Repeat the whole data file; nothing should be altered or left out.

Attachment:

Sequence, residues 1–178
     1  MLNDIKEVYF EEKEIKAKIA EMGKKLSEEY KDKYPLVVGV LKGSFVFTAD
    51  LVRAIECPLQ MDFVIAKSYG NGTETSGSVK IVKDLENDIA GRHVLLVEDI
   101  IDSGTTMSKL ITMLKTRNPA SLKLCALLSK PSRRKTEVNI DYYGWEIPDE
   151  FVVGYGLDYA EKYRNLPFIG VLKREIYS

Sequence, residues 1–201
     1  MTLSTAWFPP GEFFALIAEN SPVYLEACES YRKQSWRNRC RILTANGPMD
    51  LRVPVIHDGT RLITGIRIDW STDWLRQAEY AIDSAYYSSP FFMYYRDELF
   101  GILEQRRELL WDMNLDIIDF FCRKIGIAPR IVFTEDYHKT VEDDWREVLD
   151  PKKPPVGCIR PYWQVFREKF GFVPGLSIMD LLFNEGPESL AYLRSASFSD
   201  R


Sequence, residues 1–178
     1  MLNDIKEVYF EEKEIKAKIA EMGKKLSEEY KDKYPLVVGV LKGSFVFTAD
    51  LVRAIECPLQ MDFVIAKSYG NGTETSGSVK IVKDLENDIA GRHVLLVEDI
   101  IDSGTTMSKL ITMLKTRNPA SLKLCALLSK PSRRKTEVNI DYYGWEIPDE
   151  FVVGYGLDYA EKYRNLPFIG VLKREIYS

Sequence, residues 1–201
     1  MTLSTAWFPP GEFFALIAEN SPVYLEACES YRKQSWRNRC RILTANGPMD
    51  LRVPVIHDGT RLITGIRIDW STDWLRQAEY AIDSAYYSSP FFMYYRDELF
   101  GILEQRRELL WDMNLDIIDF FCRKIGIAPR IVFTEDYHKT VEDDWREVLD
   151  PKKPPVGCIR PYWQVFREKF GFVPGLSIMD LLFNEGPESL AYLRSASFSD
   201  R